Sierra Research in Cheektowaga has acquired a Canadian maker of simulation technology for an undisclosed sum, the company announced Monday.
Excalibur Systems of Kanata, Ont., produces radio wave generators used to simulate enemy radar systems.
Sierra's systems frequently incorporate equipment from Excalibur that simulates "hostile" air defense systems in training exercises, the company said.
Acquiring the subcontractor will lead to greater marketing opportunities for both companies, according to Sierra.
A unit of Integrated Defense Technologies, Sierra makes electronic warfare training systems for the U.S. military.
Integrated Defense Technologies consists of Sierra; Zeta Corp. in San Jose, Calif., and PEI Electronics in Huntsville, Ala.
Construction spending up 2%
WASHINGTON (AP) -- Construction spending surged 2 percent in December to an all-time level, pushing the amount of money spent on building single-family homes to a monthly record.
The Commerce Department reported today that spending rose to a record seasonally adjusted annual rate of $730.3 billion. That followed a revised 2 percent increase in November -- slightly less than the government originally estimated -- helped out by better-than-usual weather.
For the year, construction spending rose 6 percent, following an increase of 7.6 percent in 1998.
FCC studies lower phone fee plan
WASHINGTON (AP) -- Consumer groups say they have come up with a plan to reduce phone bills for everyone, particularly those callers who have not benefited greatly from declining long-distance rates.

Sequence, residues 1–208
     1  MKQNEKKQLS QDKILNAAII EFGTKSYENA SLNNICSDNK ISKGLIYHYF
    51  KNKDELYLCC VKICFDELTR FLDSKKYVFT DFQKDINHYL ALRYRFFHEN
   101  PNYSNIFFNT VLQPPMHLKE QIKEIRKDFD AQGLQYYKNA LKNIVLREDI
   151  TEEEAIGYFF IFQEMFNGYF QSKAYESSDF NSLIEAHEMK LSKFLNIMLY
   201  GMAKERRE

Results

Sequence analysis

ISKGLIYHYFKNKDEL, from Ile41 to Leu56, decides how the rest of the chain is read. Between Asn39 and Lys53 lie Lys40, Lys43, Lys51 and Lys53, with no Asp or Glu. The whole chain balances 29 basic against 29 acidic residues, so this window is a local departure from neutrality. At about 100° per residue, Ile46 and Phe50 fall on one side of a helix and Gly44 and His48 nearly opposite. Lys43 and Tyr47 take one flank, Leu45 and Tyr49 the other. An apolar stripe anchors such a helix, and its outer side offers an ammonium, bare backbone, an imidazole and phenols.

A proposal by Consumers Union, the Consumer Federation of America, the National Retail Federation, AARP and others would cut $4 billion a year from home and business telephone bills, the groups said.
The proposal, submitted to the Federal Communications Commission, responds to a plan offered to the FCC by the phone industry to reduce the "access" fees that local phone companies charge long-distance carriers to connect calls.
Yields increase on Treasury bills
WASHINGTON (AP) -- The Treasury Department sold $7.5 billion in three-month bills at a discount rate of 5.560 percent Monday, up from 5.385 percent last week.
An additional $6.5 billion was sold in six-month bills at a rate of 5.705 percent, up from 5.520 percent.
The new discount rates understate the actual return to investors -- 5.731 percent for three-month bills with a $10,000 bill selling for $9,859.50, and 5.972 percent for a six-month bill selling for $9,711.60.
Separately, the Federal Reserve said Monday that the average yield for one-year Treasury bills, the most popular index for making changes in adjustable rate mortgages, rose to 6.17 percent last week from 6.13 percent the previous week.
In other business news
The battle for control for National Westminster Bank PLC continued Monday as first Royal Bank of Scotland PLC, then Bank of Scotland, produced new bids for the English bank. The Royal Bank valued its new offer of cash and stock announced Monday at $40.5 billion, up from its earlier bid of about $35.8 billion. Bank of Scotland responded later Monday with its own bid of $41.9 billion, up from $39.2 billion. It was not immediately clear whether there would be any further bids forthcoming.
The National Association of Recording Merchandisers, a music retailing group, sued Sony Corp. of America Monday, alleging it forces music stores to sell compact discs containing promotional materials for competing, Sony-owned stores. The lawsuit accuses Sony Corp. and its subsidiary, Sony Music Entertainment, of copyright misuse, illegal price discrimination, unfair competition and false advertising.
Psion PLC, Europe's leading hand-held computer maker, said Monday it has teamed up with Motorola Inc. to develop wireless devices that will allow users to connect to the Internet. Motorola, a leading maker of cellular phones, and Psion are designing the devices to work with cellular networks in Europe, North America and Asia. They aim to have products ready starting in the first half of 2001.